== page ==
One common side effect from inhaled corticosteroids is a mouth infection called thrush. You can use a spacer or holding chamber to avoid thrush. A spacer or holding chamber is attached to your inhaler when taking medicine to keep the medicine from landing in your mouth or on the back of your throat.
Work with your health care team if you have any questions about how to use a spacer or holding chamber. Rinsing your mouth out with water after taking inhaled corticosteroids also can lower your risk of thrush.
If you have severe asthma, you may have to take corticosteroid pills or liquid for short periods to get your asthma under control. If taken for long periods, these medicines raise your risk for cataracts and osteoporosis (OS-te-o-po-RO-sis). A cataract is the clouding of the lens in your eye. Osteoporosis is a disorder that makes your bones weak and more likely to break.
Your doctor may have you add another long-term control asthma medicine to lower your dose of corticosteroids. Or, your doctor may suggest you take calcium and vitamin D pills to protect your bones.
Other long-term control medicines.
Other long-term control medicines include:
- Inhaled long-acting beta2-agonists. These medicines open the airways and may be added to low-dose inhaled corticosteroids to improve asthma control. An inhaled long-acting beta2-agonist shouldn't be used alone.
- Leukotriene modifiers. These medicines are taken by mouth. They help block the chain reaction that increases inflammation in your airways.
- Cromolyn and nedocromil. These inhaled medicines also help prevent inflammation and can be used to treat asthma of mild severity.
- Theophylline. This medicine is taken by mouth and helps open the airways.
Long-term control medicines can have side effects. Talk to your doctor about these side effects and ways to monitor or avoid them.
All people who have asthma need a quick-relief medicine to help relieve asthma symptoms that may flare up. Inhaled short-acting beta2-agonists are the first choice for quick relief.
These medicines act quickly to relax tight muscles around your airways when you're having a flareup. This allows the airways to open up so air can flow through them.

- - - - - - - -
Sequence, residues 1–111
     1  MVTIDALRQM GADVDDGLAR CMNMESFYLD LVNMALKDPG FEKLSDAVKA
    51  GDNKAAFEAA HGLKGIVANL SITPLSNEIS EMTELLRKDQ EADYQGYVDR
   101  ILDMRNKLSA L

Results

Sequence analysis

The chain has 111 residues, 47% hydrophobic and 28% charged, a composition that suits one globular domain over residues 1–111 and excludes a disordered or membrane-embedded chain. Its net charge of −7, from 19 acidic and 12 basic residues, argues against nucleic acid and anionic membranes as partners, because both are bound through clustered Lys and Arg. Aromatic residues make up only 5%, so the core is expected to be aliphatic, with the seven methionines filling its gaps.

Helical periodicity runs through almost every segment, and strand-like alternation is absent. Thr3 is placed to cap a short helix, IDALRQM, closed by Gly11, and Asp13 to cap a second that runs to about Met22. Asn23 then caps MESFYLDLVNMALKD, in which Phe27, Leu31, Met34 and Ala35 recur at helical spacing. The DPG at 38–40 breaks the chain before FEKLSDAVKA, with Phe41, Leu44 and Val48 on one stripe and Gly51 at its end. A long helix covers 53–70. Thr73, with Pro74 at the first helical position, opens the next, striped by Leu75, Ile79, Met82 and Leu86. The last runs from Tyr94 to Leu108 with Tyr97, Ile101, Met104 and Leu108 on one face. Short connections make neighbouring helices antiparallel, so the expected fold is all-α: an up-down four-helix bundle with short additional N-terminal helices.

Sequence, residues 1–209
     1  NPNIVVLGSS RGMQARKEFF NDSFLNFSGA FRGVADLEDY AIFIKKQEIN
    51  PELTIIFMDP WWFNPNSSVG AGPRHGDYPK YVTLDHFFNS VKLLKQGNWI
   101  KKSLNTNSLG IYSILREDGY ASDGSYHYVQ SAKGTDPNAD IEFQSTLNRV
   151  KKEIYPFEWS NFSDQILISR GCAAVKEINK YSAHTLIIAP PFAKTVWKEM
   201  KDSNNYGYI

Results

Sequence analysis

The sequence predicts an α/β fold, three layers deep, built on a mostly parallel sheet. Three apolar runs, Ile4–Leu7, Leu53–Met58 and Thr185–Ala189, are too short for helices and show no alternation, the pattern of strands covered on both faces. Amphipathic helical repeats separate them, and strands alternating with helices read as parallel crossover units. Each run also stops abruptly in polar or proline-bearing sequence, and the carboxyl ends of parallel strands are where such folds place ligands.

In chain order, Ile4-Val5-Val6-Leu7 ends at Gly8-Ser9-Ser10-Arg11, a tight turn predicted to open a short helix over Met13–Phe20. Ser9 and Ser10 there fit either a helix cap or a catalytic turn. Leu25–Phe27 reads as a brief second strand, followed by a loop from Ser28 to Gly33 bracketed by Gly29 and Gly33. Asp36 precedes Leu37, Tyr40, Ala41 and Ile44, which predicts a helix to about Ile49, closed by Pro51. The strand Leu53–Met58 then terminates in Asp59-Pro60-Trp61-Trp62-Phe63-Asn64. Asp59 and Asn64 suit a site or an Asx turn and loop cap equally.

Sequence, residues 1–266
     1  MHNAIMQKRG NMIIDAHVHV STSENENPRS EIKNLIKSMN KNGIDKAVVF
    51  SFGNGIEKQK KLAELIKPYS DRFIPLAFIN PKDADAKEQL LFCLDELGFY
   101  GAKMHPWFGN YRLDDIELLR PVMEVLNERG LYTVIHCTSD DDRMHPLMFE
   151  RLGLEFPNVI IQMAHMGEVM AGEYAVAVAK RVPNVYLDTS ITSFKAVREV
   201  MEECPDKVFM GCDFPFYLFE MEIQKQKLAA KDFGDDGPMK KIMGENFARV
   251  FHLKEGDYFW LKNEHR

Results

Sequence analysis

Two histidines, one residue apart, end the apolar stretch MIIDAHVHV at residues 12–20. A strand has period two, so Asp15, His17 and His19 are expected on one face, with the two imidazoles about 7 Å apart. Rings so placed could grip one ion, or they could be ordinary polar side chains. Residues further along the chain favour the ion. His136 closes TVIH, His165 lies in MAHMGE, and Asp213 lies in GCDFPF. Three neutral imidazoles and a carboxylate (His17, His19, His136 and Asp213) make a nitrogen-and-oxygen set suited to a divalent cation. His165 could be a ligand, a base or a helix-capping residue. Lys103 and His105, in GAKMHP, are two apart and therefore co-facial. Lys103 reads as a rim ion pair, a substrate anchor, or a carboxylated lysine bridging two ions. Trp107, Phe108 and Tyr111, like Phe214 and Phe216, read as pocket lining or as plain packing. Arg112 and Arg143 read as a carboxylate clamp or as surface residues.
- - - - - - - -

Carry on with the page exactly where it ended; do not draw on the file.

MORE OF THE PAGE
You should take your quick-relief medicine when you first notice your asthma symptoms. If you use this medicine more than 2 days a week, talk with your doctor about how well controlled your asthma is. You may need to make changes in your asthma action plan.
Carry your quick-relief inhaler with you at all times in case you need it. If your child has asthma, make sure that anyone caring for him or her and the child's school has the child's quick-relief medicines. They should understand when and how to use them and when to seek medical care for your child.
You shouldn't use quick-relief medicines in place of prescribed long-term control medicines. Quick-relief medicines don't reduce inflammation.
Track Your Asthma
To track your asthma, keep records of your symptoms, check your peak flow number using a peak flow meter, and get regular asthma checkups. Record Your Symptoms
You can record your asthma symptoms in a diary to see how well your treatments are controlling your asthma.
Asthma is "well controlled" if:
- You have symptoms no more than 2 days a week and they don't wake you from sleep more than 1 or 2 nights a month.
- You can carry out all your normal activities.
- You take quick-relief medicines no more than 2 days a week.
- You have no more than one asthma attack a year that requires you to take corticosteroids by mouth.
- Your peak flow doesn't drop below 80 percent of your personal best number.
This small, hand-held device shows how well air moves out of your lungs. You blow into the device and it gives you a score, or peak flow number. Your score shows how well your lungs are working at the time of the test.
Your doctor will tell you how and when to use your peak flow meter. He or she also will teach you how to take your medicines based on your score.
Your doctor and other clinicians on your health care team may ask you to use your peak flow meter each morning and keep a record of your results. It may be particularly useful to record peak flow scores for a couple of weeks before each medical visit and take the results with you.
When first diagnosed with asthma, it's important to find out your "personal best" peak flow number. To do this, you record your score each day for a 2- to 3-week period when your asthma is under good control. The highest number you get during that time is your personal best. You can compare this number to future numbers to make sure your asthma is under control.
Your peak flow meter can help warn you of an asthma attack, even before you notice symptoms. If your score falls to a number that shows that your breathing is getting worse, you should take your quick-relief medicines the way your asthma action plan directs. Then you can use the peak flow meter to check how well the medicine worked.
Get Asthma Checkups
When you first begin treatment, you will see your doctor about every 2 to 6 weeks. Once your asthma is under control, your doctor may want to see you anywhere from once a month to twice a year.
During these checkups, your doctor or nurse will ask whether you've had an asthma attack since the last visit or any changes in symptoms or peak flow measurements. You will also be asked about your daily activities. This will help them assess your level of asthma control.
Your doctor or nurse also will ask whether you have any problems or concerns with taking your medicines or following your asthma action plan. Based on your answers to these questions, your doctor may change the dose of your medicine or give you a new medicine.
If your control is very good, you may be able to take less medicine. The goal is to use the least amount of medicine needed to control your asthma.